One in 325.7 Million

My name is unique–in the United States, anyway (Norway is a whole other story). As far as I know, I am the only person with my first-last name combo. This can be frightening in some ways, and exciting in others. It’s my selling point in some cases, but makes me my own weakest link when things go wrong–which happens hilariously often.

It would be wise, then, for an aspiring writer (well, aspiring professional writer) to use a pseudonym.  But pseudonyms are assumed, people will find out my name anyway, and I’ll have to answer the same questions I always do–likely even more of them–and invariably my given name would be of far more interest than any false one I could choose for myself. I envy those who embody their pen names and can confidently wear those personae, but I can never run from my own birth name. I wouldn’t want to.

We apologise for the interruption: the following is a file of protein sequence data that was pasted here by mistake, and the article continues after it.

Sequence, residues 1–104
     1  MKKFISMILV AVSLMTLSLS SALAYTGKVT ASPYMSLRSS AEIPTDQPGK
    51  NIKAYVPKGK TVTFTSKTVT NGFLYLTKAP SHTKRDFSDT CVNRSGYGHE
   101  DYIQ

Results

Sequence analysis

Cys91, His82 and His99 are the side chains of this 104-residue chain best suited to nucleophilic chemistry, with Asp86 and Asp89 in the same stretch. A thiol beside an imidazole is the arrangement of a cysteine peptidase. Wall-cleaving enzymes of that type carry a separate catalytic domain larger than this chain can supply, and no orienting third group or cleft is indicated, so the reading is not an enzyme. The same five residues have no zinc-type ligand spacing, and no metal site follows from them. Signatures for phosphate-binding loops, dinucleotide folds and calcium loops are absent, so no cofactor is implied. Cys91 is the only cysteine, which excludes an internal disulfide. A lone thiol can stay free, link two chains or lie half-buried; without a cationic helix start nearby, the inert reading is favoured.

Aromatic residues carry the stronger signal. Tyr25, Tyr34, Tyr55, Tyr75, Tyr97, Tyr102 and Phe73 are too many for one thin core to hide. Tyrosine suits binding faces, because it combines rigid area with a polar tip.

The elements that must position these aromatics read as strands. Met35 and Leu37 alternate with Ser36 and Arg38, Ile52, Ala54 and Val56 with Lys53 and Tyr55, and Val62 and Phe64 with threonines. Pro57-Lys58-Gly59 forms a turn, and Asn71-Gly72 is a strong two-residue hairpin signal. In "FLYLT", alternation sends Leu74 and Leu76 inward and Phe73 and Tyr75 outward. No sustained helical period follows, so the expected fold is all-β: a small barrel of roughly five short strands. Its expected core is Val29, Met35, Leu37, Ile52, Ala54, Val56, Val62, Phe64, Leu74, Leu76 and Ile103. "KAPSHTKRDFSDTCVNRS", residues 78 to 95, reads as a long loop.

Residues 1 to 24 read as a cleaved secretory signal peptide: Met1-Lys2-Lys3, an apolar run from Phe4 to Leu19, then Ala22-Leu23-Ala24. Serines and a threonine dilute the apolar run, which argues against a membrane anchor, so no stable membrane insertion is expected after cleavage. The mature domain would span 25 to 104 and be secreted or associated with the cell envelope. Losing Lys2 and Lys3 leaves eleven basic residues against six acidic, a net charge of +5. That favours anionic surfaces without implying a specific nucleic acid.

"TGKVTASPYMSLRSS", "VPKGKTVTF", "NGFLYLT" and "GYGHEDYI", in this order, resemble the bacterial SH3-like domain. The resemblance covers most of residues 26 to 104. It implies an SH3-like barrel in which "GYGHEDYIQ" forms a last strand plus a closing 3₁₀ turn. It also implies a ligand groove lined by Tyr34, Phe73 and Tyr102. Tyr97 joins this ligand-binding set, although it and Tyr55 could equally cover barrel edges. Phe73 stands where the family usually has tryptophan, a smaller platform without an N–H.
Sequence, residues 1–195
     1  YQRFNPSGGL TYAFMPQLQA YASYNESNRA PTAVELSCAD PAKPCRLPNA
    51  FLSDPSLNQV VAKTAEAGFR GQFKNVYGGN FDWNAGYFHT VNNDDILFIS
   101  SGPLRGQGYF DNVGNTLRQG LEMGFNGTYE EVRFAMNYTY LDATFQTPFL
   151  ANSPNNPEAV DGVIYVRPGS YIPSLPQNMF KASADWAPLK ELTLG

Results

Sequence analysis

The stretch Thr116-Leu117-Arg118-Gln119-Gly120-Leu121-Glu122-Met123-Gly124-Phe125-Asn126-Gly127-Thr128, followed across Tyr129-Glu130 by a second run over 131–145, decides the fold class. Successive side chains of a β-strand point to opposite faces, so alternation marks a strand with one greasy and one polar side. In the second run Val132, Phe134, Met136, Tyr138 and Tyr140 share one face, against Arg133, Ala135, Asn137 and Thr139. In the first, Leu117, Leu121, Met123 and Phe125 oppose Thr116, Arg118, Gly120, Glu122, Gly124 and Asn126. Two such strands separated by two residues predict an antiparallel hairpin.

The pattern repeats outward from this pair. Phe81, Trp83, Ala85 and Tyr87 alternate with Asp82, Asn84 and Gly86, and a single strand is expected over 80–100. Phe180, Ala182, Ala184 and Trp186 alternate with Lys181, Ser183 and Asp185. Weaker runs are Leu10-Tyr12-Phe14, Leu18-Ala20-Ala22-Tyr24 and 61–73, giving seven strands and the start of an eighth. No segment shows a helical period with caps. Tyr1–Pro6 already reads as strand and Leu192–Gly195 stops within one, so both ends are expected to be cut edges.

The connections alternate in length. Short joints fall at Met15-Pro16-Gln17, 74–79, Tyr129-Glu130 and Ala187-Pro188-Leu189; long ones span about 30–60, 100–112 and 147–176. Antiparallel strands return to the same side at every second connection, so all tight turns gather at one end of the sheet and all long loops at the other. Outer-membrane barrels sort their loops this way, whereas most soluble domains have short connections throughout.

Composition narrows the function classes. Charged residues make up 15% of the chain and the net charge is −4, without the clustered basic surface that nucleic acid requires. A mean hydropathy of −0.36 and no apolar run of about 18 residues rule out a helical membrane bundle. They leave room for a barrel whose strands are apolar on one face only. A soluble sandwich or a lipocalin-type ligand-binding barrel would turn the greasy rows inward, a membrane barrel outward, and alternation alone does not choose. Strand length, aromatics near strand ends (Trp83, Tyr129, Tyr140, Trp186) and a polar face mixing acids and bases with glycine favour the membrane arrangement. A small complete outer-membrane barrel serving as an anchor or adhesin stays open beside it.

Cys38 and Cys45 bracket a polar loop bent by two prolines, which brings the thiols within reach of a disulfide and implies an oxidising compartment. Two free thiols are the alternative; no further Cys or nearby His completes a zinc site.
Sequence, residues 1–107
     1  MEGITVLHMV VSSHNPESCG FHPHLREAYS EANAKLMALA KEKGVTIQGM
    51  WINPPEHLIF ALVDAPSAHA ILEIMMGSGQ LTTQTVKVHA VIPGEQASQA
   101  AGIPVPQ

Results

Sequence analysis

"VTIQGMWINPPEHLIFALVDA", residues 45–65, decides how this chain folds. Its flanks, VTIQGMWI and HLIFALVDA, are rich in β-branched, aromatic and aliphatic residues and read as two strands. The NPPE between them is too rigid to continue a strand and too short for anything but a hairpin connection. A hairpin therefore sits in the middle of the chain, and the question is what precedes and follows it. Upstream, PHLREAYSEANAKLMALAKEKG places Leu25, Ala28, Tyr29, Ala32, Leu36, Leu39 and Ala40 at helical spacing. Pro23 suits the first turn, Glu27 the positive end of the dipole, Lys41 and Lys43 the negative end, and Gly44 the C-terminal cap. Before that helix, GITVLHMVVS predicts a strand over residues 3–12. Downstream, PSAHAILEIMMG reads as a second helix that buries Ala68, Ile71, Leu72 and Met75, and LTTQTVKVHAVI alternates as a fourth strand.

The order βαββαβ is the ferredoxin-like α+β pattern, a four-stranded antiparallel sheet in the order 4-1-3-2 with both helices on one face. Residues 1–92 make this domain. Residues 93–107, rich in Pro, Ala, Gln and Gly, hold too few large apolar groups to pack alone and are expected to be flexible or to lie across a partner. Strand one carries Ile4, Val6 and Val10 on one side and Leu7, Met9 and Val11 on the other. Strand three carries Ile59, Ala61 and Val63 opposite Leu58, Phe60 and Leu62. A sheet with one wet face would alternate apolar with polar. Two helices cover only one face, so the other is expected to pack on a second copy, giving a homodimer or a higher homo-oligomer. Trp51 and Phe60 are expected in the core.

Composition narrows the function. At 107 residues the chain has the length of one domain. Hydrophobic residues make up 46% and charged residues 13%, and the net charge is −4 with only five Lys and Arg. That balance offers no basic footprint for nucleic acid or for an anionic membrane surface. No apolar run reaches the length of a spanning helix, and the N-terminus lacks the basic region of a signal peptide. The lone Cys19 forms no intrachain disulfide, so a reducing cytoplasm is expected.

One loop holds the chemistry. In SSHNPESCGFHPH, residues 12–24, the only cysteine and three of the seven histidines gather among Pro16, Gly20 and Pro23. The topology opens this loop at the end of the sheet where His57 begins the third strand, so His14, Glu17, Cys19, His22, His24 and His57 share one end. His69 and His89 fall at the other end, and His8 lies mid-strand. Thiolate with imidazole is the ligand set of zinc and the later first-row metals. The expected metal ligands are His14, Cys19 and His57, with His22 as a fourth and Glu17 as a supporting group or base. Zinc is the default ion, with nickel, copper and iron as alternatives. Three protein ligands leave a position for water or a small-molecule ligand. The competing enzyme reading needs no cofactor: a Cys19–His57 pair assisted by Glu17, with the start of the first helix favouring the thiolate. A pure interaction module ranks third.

Maybe this seems ridiculous, to start a public blog with my legal name just to establish myself. It could be–but then maybe your name is John, or Beatrice, or Jennifer. It’s something you’ve never had to think about the way I do. My name, in all its uniqueness, is finite.

I enjoy the fruits of my labor in my anonymous blogs (yes, plural), my hidden online writings, where my name is just online gibberish and my message is more important. It is the most fulfilling thing I do, but it doesn’t pay my bills.

A few years ago, I relocated from Minneapolis to Los Angeles. It was the single best last-minute stupid thing I could have ever done, and I regret nothing about it. The premier disguised failure from that has been a huge shift in my career, and being honest with myself about what it is I should be doing with my life: writing.

This blog will document that journey, the transition from whatever semi-professional mask I wear week-to-week, putting together my first book (and the second, and the third…) and navigating the world of rebranding myself as a 30-something with the one thing I cannot–and would not–change.

 

 

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